For a primer on the basic usage of git bisect, please read webchick’s excellent post from several years ago. That post was my first introduction to using this helpful command.

The scenario

Panels 8.x-4.0 was released last Friday, during the code sprints at DrupalCon Baltimore (a post with more info about this sprint is forthcoming). In the hours leading up to the release, there were several issues committed in rapid succession. And because of the flurry of activity through the issue queues, the automated test system was a bit backed up.

Due to sheer enthusiasm, no one noticed that the tests hadn’t finished running, and a release was committed. When the dust settled, several people reported a bug in the UI.

The day began with a working release, Panels 8.x-4.x-beta1. There had only been a few commits between the beta and the stable release, and I could have tracked down the bug manually. Instead I reached for git bisect, because what’s the point of knowing a tool if you never use it?!

First attempt

git bisect start 8.x-4.0 8.x-4.0-beta1

After telling bisect the bad commit and the most recent known good commit, git will begin to step through each intermediate commit. At each step you must determine if the current commit is good or bad.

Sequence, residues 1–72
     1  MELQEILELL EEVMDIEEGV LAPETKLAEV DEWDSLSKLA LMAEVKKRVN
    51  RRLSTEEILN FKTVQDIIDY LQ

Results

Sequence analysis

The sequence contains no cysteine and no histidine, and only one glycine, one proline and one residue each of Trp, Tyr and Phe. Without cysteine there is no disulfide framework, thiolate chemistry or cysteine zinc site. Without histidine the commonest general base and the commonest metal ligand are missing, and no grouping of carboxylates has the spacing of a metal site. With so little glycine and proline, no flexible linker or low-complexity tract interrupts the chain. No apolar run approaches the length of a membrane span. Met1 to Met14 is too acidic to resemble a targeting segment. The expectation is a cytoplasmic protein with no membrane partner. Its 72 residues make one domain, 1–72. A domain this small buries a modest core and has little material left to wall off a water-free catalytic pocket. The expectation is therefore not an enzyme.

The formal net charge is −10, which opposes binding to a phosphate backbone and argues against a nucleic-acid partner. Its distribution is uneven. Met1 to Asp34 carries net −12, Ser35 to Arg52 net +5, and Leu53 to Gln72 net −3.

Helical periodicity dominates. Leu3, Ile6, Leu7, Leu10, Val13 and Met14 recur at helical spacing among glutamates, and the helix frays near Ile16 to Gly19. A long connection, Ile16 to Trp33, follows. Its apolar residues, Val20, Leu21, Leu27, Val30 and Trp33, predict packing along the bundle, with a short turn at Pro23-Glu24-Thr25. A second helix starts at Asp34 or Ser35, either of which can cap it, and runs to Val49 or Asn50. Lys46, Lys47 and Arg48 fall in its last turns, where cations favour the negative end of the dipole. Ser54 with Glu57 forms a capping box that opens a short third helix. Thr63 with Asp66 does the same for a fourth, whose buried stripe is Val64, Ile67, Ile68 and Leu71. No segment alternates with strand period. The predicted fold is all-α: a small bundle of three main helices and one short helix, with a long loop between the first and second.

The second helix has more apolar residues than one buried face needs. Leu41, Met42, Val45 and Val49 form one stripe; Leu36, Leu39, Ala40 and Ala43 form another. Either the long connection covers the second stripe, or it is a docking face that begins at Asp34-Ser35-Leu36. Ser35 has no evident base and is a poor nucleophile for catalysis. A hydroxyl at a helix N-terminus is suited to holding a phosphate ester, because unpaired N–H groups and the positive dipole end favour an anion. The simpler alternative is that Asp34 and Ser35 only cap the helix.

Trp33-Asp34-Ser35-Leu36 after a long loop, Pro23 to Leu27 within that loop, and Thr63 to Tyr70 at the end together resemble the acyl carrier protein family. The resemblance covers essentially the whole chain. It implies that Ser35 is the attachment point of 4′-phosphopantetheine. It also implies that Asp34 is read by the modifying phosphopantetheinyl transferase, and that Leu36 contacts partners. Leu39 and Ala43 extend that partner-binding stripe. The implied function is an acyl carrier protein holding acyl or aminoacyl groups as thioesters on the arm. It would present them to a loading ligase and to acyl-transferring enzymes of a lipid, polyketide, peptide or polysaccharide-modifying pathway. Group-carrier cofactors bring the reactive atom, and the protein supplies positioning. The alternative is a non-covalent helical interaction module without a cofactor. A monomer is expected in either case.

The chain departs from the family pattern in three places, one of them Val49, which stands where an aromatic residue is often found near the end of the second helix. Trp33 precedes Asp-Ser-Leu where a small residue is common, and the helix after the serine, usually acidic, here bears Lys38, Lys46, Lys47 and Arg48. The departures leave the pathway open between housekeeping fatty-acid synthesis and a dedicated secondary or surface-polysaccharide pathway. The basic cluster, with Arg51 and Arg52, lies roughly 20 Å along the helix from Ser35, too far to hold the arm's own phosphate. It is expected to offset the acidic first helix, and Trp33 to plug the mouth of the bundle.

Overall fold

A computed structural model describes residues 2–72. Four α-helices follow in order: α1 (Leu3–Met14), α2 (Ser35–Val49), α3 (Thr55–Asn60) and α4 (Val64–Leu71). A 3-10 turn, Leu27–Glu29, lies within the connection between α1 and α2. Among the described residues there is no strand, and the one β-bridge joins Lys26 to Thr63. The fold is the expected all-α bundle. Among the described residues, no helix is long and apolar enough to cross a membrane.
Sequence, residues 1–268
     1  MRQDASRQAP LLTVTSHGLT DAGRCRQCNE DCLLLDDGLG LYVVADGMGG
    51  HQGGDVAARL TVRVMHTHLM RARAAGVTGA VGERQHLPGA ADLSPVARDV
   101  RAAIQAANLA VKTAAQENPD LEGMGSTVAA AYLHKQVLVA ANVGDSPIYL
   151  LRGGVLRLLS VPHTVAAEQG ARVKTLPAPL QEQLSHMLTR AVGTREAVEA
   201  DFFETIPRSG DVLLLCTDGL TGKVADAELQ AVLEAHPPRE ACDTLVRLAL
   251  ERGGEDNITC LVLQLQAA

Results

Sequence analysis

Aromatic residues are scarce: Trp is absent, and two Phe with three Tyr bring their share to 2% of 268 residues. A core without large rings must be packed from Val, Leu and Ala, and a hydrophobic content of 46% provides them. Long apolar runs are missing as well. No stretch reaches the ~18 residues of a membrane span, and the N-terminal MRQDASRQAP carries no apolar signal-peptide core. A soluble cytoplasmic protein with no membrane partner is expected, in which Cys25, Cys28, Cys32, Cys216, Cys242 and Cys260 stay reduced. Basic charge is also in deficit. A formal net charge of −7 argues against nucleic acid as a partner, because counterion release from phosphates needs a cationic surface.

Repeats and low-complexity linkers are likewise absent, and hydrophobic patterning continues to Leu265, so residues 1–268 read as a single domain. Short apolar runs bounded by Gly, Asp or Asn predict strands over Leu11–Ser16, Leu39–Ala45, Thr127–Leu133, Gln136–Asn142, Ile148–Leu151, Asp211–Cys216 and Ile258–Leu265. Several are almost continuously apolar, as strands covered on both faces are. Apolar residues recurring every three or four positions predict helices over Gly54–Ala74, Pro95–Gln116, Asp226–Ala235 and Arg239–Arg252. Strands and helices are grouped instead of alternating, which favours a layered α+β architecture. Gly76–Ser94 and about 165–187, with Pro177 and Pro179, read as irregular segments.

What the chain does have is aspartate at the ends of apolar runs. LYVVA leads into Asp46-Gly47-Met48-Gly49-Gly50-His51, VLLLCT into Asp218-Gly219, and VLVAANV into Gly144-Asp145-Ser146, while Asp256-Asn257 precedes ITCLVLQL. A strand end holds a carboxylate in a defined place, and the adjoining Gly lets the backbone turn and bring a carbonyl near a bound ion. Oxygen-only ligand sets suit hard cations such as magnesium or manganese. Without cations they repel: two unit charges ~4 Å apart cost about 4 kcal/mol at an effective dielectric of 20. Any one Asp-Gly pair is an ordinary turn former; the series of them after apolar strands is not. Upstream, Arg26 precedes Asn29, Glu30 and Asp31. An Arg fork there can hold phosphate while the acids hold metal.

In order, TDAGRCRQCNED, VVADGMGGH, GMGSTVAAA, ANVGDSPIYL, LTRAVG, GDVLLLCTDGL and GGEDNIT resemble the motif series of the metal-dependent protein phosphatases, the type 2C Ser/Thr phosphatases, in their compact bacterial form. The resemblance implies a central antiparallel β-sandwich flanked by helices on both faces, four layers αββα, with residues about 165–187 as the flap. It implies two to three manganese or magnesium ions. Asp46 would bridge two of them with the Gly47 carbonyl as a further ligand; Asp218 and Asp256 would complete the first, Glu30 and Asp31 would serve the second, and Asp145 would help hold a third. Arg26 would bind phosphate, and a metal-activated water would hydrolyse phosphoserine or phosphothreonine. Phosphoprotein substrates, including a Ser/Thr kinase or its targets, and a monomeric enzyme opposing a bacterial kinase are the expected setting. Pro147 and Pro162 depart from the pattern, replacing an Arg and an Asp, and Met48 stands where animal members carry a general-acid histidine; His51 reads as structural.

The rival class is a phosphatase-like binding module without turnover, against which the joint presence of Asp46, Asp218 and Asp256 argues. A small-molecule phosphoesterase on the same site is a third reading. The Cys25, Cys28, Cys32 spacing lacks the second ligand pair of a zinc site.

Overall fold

In this case there was a specific test that was failing, the testLayoutSettings() method in the Drupal\panels\Tests\PanelsTest class.

I could have run this test through the graphical runner, but instead chose to use the script that ships with Drupal core:

# ../../ because this is from within a module directory
  php ../../core/scripts/
# Web tests need to know where to find the local site
  --url "http://d8"
# This can be a class, or class::method
  --class "Drupal\panels\Tests\PanelsTest::testLayoutSettings"

Based on the output of this script, you then can run git bisect good or git bisect bad, and then repeat for each step. Eventually you will end up with the commit that introduced the error.

Let’s automate that!

Why do something manually if you can automate it?

Bisect supports a run subcommand, allowing you to pass any script for it to run on each step. The script should return 0 or 1 to indicate bad or good commits. Thanks to the work done here, uses the correct exit codes!

git bisect start 8.x-4.0 8.x-4.0-beta1
git bisect run php ../../core/scripts/
  --url "http://d8"
  --class "Drupal\panels\Tests\PanelsTest::testLayoutSettings"

Now there is no need to attend to each step, you can do something else while it runs, and when you are done the offending commit will be displayed!

One step further

Why remember a command when you can create an alias?


# git bisect-test <bad> <good> <test>


git bisect reset
git bisect start $1 $2
git bisect run php $SITE_DIR/core/scripts/
  --url $SITE_URL --class $3

By creating this file, naming it git-bisect-test, and putting somewhere in your $PATH, you now use a single command:

git bisect-test 8.x-4.0 8.x-4.0-beta1 "Drupal\panels\Tests\PanelsTest::testLayoutSettings"

I hope this helps you as much as it helps me, happy bisecting!